Occidental Petroleum and Anadarko yesterday signed a merger agreement putting the final stroke to the biggest deal in oil and gas since Shell’s acquisition of BG Group.
Hart Energy quoted a statement by Oxy’s chief executive, Vicki Hollub, as saying, “This transaction further establishes Occidental as a premier operator in prolific global oil and gas regions with the ability to deliver production growth of 5% through investment in projects with industry-leading returns.”
Indeed, the deal will cement and expand Occidental’s position as the largest oil producer in the Permian after it incorporates Anadarko’s acreage, which comes in at some 600,000 acres gross in the Delaware Basin, part of the largest shale play. It is to a large extent this acreage that prompted Chevron to bid for its smaller rival, but the supermajor yesterday dropped out of the race, leaving all 600,000 acres as well as assets outside the shale patch to Occidental.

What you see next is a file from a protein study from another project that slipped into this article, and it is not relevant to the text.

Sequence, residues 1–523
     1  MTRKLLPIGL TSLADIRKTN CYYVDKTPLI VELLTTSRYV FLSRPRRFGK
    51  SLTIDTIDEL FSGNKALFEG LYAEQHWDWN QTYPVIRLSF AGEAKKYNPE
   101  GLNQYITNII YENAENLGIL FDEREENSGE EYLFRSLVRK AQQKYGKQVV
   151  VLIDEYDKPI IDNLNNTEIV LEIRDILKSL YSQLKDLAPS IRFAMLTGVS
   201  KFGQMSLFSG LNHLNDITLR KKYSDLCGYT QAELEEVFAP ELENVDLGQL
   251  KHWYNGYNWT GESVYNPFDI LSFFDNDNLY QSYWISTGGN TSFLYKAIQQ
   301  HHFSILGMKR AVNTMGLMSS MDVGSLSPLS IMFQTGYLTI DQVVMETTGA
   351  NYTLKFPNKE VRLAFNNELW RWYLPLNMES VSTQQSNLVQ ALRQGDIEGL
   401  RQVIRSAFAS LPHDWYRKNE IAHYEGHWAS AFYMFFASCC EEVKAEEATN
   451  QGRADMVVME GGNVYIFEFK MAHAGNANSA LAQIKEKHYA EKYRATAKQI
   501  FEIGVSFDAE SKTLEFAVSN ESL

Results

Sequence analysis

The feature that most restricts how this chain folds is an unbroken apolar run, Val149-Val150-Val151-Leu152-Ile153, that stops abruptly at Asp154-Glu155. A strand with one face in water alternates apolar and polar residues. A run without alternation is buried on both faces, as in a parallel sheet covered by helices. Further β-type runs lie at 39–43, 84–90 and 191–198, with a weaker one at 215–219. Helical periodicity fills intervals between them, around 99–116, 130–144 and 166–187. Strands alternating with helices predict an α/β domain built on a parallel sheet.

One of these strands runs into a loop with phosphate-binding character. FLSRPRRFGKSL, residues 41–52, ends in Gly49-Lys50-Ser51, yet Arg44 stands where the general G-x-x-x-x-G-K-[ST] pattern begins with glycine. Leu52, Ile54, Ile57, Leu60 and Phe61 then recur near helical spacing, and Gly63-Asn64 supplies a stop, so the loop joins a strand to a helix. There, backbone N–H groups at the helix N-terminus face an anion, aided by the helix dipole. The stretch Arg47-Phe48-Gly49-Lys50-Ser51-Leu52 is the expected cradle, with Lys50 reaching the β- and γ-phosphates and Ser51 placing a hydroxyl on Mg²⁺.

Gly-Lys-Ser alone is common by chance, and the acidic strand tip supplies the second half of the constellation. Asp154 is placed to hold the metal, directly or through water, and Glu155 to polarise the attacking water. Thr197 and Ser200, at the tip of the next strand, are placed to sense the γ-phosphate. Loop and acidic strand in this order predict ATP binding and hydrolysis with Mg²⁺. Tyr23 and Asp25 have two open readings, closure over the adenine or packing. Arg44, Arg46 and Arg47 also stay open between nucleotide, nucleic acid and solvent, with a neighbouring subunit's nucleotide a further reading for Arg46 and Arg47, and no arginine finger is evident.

Chevron had offered to pay some US$33 billion for Anadarko and assume US$15 billion in debt, with 75 percent of the price to be paid in stock and the rest in cash. The enterprise value of Anadarko, Chevron said at the time, was US$50 billion.
Yet Occidental, which had tried to acquire Anadarko before, returned on the scene with a higher percent of the total to be paid in cash, of which US$10 billion provided by Warren Buffett in what surprised many as an uncharacteristic move in oil and gas.
Initially, Oxy offered 50 percent of the US$57-billion price in cash and the rest in stock, but Anadarko was reluctant to accept this bid. Oxy then upped the cash portion of the deal to 80 percent and won the approval of Anadarko’s board. Chevron, meanwhile, walked away US$1 billion richer from the breakup fee Anadarko owed it for such a case and with a higher share price as traders apparently appreciated the fact that it won’t be spending almost US$50 billion on an acquisition.